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Part 2: McDonald's USA beef buyer visits with Agriculture Online

Agriculture.com Staff 01/31/2006 @ 1:11pm

(Part 1 of this series can be found in the Agriculture Online Markets section.)

Following a recent interview with McDonald's USA's beef buyer and a company spokesperson, Agriculture Online presents the final segment of a two-part series on how U.S. cattle producers should view the company's 2006 sales strategy, which highlights chicken, as well as other impacts to U.S. beef interests.

Agriculture Online spoke recently with Robert Cannell, McDonald's USA's director of supply chain and leading beef buyer. Joining Cannell in a question-and-answer session is Danya Proud, McDonald's USA spokesperson.

Q: McDonald's has a huge influence on the U.S. cattle industry based on the amount of your purchases. For example, because you are such a huge beef buyer, if you support source verification it would behoove the cattle industry to comply. Does source verification have enough value to McDonald's USA? And how much would you be willing to pay per pound for source verified beef?

Cannell: Source verification is very important to us. We are out there actively working with the cattle industry, the government, all the players that have a stake in the game. It's more important for the U.S. beef industry than for McDonald's specifically. You mentioned we are a big beef buyer and that's true. But, what affects the beef industry effects us. Our perspective is this, source verification, animal ID, is an important tool in the future so the beef industry can protect itself from whatever the next issue that might come up would be. We look at source verification more as a need for the industry than a need for McDonald's.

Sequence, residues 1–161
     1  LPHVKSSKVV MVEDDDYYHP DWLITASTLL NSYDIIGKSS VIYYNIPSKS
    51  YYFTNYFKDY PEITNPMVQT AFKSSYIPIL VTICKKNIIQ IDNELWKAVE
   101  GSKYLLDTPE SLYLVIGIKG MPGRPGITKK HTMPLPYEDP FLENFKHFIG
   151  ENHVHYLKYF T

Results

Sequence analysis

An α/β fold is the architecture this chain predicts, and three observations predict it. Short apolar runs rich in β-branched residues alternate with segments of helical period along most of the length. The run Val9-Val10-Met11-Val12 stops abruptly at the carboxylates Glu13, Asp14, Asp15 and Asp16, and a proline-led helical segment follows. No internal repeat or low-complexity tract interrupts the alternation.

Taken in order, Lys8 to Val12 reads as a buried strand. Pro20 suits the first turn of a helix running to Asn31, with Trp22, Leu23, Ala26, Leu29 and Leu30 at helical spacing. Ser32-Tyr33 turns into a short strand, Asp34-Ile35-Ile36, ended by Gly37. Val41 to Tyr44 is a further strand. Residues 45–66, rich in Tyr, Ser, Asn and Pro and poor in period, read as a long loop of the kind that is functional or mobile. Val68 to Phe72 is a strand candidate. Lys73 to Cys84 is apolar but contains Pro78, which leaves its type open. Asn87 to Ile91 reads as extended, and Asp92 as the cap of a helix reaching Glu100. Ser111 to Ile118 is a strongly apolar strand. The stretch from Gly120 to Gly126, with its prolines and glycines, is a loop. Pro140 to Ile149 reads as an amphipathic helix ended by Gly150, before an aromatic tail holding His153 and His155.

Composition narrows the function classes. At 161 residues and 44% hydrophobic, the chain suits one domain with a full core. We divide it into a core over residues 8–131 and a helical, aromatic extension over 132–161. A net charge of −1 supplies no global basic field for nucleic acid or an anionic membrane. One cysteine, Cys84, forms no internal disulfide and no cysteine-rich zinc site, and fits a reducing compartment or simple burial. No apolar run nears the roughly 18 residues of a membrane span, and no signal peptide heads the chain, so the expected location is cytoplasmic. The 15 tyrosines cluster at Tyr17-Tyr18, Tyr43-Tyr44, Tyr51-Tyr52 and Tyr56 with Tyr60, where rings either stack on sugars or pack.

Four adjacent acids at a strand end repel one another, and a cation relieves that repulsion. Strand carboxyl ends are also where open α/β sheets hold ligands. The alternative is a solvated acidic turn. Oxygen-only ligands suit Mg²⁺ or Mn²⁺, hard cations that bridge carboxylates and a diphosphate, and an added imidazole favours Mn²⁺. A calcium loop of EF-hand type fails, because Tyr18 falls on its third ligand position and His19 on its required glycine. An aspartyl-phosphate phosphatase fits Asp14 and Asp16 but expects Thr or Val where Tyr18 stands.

Q: Though U.S. beef production from year to year is staying steady, producers are seeing prices for beef products stay relatively high. Chicken production is going up, but the prices of chicken products are going down. If the U.S. cattlemen raise more beef, will they see the value of their products decline?

Cannell: That's a lot of speculation when you have to rely on cattle cycles and such. Knowing where things will go is a crystal ball I wish I had.

Q: What can a U.S. cattle producer do to get more of their product sold through McDonald's USA? Should they produce more lean beef, niche beef products? What advice do you have for them?

Cannell: The bottom line is, U.S. beef is the highest quality and safest beef of any other in the world. I think U.S. producers are doing a fantastic job of producing the type of beef that either the typical U.S. consumer or our export customers are looking for. Producing beef specifically for McDonald's may not be the best proposition for anyone. We use a lot of beef, but the steaks and the roasts and what the consumer is looking for is there as well. For me to say the U.S. producer needs to be making any changes is not fair from my perspective.

Q: Statements from McDonald's on U.S. BSE firewalls has concerned the cattle industry, calling into question the safety of U.S. beef supply. The company statements may have been sparked by activists concerns, according to one cattle industry spokesman. How does McDonald's balance sound science on BSE in responding to consumers' concerns and activists' concerns?

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